Yesterday's race was the Auburn Rocket Race - a 5 or 10K to benefit a local town's youth center.  I ended up at this race with my best tri buddy Gypsy, as she is 3 weeks out from rocking her first half marathon, and a 10K race was in her schedule.  After my last race, I was having demented fantasies of signing up for an olympic distance triathlon on this weekend for lots of time and money I didn't possess, so she suggested I come out to this nice little local race instead.  Wisdom.

The only concern headed into this race was the weather.  80-90% chance of rain, said the internet.  At 4:00 am on race morning, I was awoken by my scaredy-cat shoving her whiskers in my face, shaking and asking for pets because she was scared of the absolute monsoon that was going on outside.

I've never been a huge fan of running in the rain.  Nice soft rain, sure.  But the kind that gets you soaked to the skin and freezing within seconds - forget it.  I casually emailed Gypsy the night before about the weather, and her response was, "Yup, it looks crummy.  So I'll pick you up at 8:40..."  No reprieve there.  I woudl expect nothing less from her :)  So I tossed and turned and worried until it was time to get up, and brought all possible combinations of clothing, headgear, and electronics to the race.

Luckily, by the time we got there, it wasn't raining.  It was just cold.  There was a kids race beforehand - the kids were really cute but looked more or less all pretty miserable and bored in the cold and wet.  I was happy I left my gang home in their jammies.  We got registered (I had a little hysterical hiccup when they asked me 5 or 10? and I said 10K!), undressed into our running clothes, and to the starting line, where.....

What's the yellow thing breaking the clouds?

The SUN came out just as the gun went off.  Making what was supposed to be a cold, wet, run a hot steamy and sunny run.  My arm warmer came off pretty fast (the other was stuck under my arm strap.  Oh well).  At one point another girl, also wearing black, was running with me and said, "drywick my *ss!"  To which I replied, "No kidding - this is like running in a microwave!".  Steam was boiling off the blacktop the whole way.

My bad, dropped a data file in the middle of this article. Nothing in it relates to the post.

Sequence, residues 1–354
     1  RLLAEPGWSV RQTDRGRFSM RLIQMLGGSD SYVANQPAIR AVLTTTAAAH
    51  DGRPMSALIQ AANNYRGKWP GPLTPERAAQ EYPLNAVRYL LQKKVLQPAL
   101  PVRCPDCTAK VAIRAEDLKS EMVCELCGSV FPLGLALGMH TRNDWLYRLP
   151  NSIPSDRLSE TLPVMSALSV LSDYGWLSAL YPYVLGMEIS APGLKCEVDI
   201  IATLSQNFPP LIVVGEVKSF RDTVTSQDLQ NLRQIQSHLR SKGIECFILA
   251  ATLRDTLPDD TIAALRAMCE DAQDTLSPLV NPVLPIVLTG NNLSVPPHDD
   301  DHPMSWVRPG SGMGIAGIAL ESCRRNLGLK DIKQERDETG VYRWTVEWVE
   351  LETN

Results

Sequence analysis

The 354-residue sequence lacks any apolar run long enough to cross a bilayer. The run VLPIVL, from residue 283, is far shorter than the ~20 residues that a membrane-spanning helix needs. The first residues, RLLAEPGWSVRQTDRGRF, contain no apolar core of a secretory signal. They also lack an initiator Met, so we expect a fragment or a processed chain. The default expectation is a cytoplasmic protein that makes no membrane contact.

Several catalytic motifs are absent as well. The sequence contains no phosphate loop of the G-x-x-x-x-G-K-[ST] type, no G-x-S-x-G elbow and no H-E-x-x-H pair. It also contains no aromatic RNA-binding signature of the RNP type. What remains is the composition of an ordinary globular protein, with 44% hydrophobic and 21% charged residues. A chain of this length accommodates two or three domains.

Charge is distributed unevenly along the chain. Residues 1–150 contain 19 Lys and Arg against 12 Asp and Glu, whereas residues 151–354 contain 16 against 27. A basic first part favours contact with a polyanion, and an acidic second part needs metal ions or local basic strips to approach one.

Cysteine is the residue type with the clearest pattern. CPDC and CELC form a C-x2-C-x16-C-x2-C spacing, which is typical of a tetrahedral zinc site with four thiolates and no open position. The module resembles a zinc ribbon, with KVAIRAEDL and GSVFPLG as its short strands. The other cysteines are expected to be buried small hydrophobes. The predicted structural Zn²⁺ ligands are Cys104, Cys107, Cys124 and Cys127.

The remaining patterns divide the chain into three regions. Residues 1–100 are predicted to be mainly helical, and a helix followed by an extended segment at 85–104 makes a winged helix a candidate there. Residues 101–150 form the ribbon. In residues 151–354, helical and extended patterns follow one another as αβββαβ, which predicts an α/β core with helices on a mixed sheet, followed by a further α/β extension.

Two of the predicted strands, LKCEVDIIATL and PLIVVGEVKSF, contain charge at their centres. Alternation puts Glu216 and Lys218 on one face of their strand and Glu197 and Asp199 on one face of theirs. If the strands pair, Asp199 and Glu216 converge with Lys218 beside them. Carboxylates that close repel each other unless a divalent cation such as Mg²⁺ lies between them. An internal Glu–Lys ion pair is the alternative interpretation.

Sunny steamy run

The course was rolling hills, and very pretty.  The second half of the run was downhill, except for one long uphill at mile 5.  Overall I was very pleased with my run - I kept a steady pace just under 10 most of the time.  I travelled with a group that kept leapfrogging eachother.  I was able to open up my stride on the downhills to gain ground (yay for healing hips!) and stayed strong on the uphills - even the one at Mile 5.  Never even close to walking.

My phone chirped 6.2 miles at exactly one hour.  I was nowhere near the finish line - turns out the course is actually somewhere between 6.4 (MapMyRide), 6.6 (Gypsy's Garmin), and 6.9 (my IPhone).  So I finished in 1:06 and change - which is the same as the Running of the Wolves 10K I did last month. That course was actually 6.2, so I call this an improvement.  Despite of not feeling 100%, Gypsy also finished fifth for the women, which as usual for her, totally rocks.  As a bonus, I ended up running into the chute to R.E.M's "It's the End of the World As We Know It", a song that will forever and always remind me of my coach, the Sheriff (childhood story - it's cute I swear).  It was Sheriff's birthday, so I was able to text him happy birthday and tell him I finished a sub-hour 10k to "our" song.

As usual, the conversation in the car on the way home revolved around our  planned 70.3, how we are going to get there, and how far we've come.  Every athlete has a different experience, and we are no exception.  Without over-sharing personal details, we both see the change in eachother more strongly than we can in ourselves.

Change has been on my mind a lot lately.  This morning I kissed my four-year-old son goodbye for work and saw the he was perfectly coloring in a pretty intricate firetruck in one of his coloring books.  When did he learn to do that?  My daughter can actually read several words in many of her books, which is new in the last few weeks (yay kindergarten!).  This morning I stepped on the scale (which I haven't done in weeks) to find that somehow I've hit my "vanity" weight.  That number on the scale I never expected to see again, and haven't done much to bring about.  How did that happen?